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Research shows PET scans can help improve esophageal cancer outcomes

by Thomas Dworetzky, Contributing Reporter | January 18, 2017
Molecular Imaging Rad Oncology
Using PET scans to assess chemotherapy response in patients with esophageal cancer can lead to better outcomes in this hard-to-treat disease, according to a new clinical study presented at the 2017 Gastrointestinal Cancers Symposium in San Francisco.

While the scans are in regular use in lymphoma therapy decisions, this is one of the first studies to look at their benefits with pre-surgery treatment choices in esophageal cancers.

The prognosis for esophageal cancer is typically poor, with a five-year survival rate below 50 percent. There are a number of different chemotherapy approaches used, reliable ways to predict which is best have been lacking.
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“In this study, we are adding induction chemotherapy before chemoradiation and showing that using PET scans after the induction chemotherapy to assess response can help doctors make quick course corrections to maximize patient benefit from chemotherapy,” said author Dr. Karyn A. Goodman, a radiation oncologist at the University of Colorado School of Medicine said during an American Society of Clinical Oncology presscast on her research.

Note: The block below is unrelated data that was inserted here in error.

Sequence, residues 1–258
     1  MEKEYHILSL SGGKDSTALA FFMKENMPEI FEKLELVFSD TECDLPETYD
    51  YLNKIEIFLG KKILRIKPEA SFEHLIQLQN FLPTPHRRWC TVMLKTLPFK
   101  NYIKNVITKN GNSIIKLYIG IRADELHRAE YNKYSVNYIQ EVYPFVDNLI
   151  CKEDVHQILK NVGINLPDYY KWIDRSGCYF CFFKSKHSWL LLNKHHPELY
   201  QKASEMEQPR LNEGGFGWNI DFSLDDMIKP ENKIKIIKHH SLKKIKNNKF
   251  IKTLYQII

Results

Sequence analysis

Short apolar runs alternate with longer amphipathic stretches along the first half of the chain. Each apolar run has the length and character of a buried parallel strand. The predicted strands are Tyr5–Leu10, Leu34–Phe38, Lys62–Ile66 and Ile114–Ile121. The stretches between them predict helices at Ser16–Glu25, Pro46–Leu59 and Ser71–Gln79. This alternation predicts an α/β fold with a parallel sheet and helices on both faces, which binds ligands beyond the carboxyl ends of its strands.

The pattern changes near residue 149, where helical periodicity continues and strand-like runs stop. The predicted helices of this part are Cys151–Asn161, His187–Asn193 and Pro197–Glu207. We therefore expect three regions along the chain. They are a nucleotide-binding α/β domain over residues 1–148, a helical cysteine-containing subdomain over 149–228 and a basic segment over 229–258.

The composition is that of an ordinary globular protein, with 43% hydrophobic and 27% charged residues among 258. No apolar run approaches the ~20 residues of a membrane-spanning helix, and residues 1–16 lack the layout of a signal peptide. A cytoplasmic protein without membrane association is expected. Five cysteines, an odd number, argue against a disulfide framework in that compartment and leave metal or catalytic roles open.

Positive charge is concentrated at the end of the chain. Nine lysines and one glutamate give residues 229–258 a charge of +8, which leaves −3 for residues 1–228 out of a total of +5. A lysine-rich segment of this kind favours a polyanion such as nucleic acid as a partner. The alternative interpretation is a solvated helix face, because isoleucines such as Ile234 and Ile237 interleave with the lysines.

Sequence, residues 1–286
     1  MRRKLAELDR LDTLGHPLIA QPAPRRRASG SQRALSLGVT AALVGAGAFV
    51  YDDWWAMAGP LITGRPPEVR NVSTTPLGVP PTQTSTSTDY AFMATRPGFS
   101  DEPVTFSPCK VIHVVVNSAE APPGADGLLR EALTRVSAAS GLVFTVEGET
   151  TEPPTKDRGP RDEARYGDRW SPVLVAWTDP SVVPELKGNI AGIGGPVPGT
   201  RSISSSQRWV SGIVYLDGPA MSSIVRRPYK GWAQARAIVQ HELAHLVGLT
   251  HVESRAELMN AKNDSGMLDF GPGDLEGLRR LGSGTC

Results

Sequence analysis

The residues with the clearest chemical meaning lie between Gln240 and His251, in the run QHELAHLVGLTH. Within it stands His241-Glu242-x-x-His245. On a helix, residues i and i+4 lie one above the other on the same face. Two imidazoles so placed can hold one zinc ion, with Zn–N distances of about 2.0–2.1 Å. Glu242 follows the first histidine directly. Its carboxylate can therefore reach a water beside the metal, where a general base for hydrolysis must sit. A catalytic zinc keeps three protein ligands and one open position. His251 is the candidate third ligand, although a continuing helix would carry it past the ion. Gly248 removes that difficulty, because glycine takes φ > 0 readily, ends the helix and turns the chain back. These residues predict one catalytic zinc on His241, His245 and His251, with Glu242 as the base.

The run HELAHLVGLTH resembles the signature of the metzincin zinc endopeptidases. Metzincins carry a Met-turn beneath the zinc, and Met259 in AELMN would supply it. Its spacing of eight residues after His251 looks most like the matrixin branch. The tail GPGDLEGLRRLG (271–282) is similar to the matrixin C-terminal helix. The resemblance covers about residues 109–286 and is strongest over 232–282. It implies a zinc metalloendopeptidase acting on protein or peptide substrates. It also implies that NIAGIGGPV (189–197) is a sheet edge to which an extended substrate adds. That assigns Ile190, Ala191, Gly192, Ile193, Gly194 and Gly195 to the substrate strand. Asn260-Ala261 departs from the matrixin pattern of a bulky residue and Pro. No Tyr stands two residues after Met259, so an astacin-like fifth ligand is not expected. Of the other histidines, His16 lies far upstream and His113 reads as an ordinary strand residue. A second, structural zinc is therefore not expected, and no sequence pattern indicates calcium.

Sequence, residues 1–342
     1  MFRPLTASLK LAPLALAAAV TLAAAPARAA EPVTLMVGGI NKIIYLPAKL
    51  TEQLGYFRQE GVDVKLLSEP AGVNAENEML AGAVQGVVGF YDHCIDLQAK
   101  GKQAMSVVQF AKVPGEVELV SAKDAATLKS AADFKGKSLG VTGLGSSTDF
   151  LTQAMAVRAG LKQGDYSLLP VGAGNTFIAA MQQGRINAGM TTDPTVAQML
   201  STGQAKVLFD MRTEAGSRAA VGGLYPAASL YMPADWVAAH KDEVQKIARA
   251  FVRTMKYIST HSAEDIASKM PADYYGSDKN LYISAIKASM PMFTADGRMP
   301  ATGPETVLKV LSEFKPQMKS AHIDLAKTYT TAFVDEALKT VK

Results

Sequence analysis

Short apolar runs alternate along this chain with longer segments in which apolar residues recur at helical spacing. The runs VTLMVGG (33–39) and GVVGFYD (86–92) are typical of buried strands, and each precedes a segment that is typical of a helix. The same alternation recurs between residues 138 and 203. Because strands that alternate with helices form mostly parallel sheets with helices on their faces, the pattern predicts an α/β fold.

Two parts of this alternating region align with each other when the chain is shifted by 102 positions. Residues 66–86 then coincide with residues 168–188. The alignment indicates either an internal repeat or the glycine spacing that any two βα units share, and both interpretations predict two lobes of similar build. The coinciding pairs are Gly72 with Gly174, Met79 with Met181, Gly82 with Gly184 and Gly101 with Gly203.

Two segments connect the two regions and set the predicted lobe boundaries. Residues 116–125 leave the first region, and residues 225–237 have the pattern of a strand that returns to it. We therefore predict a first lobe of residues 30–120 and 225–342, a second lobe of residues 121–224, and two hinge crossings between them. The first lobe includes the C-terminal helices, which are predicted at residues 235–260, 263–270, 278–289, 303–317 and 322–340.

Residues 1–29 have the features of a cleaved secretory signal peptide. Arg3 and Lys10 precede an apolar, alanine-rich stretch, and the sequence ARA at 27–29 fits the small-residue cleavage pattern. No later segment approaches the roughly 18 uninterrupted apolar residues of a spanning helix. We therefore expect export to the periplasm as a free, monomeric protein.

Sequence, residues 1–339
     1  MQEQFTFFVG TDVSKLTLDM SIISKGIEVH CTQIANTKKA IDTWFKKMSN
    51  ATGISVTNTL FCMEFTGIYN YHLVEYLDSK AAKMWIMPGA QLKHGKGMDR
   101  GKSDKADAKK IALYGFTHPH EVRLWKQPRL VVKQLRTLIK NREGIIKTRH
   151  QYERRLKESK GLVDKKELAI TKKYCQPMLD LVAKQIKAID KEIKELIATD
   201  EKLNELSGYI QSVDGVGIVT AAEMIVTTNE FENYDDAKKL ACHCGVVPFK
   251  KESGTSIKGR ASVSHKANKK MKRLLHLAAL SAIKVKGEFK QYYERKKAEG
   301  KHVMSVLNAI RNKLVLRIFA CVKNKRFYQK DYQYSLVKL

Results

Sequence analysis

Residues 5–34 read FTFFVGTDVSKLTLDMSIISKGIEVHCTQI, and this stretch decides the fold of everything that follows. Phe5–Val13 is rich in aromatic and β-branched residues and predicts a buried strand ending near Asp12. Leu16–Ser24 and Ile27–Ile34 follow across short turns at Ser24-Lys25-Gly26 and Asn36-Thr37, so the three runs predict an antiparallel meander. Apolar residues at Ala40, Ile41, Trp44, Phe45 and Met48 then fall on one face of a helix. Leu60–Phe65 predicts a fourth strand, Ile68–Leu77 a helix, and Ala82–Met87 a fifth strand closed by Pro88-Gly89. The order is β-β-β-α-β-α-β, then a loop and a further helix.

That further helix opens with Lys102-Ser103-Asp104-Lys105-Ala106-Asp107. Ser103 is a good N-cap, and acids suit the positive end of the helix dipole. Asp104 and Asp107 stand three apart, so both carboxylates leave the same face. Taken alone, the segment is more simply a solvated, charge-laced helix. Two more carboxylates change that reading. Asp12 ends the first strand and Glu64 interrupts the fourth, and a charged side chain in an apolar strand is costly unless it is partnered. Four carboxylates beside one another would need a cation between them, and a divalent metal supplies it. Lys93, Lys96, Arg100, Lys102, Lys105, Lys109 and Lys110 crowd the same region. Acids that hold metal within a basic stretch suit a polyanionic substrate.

This additional step does extend the time until patients receive surgery. But using PET to determine treatment effectiveness did “improve the efficacy of the treatment as shown by the ability to achieve a pathologic complete response, meaning there were no traces of cancer in the tissue specimen taken at the time of surgery,” she noted.

The study looked at 257 patients with stage II-III esophageal and GEJ adenocarcinoma. After an initial PET scan they were put into groups and received one of two chemotherapy regimens. Repeat PET scans during treatments were used to show if the particular therapy was working. If it was not, patients were put on the other regimen. The scan led to a number of patients being switched – 39 out of 129 patients who received FOLFOX induction chemotherapy, and 49 out of 128 patients who received carboplatin/paclitaxel.

Of those who were switched, 15.6 percent had a pathologic complete response. This compared favorably with prior research in which pre-surgery chemo was not changed. In those patients who were not responsive to chemo the complete pathologic response rate was 5%.

The promising results suggest PET scans can be used going forward to guide treatment. “However, we still need to further refine what is the most effective regimen for this disease,” advised Goodman.

Rates of these cancers have been going up in the U.S. since the 1970s with about 17,000 cases and 16,000 deaths from the disease.

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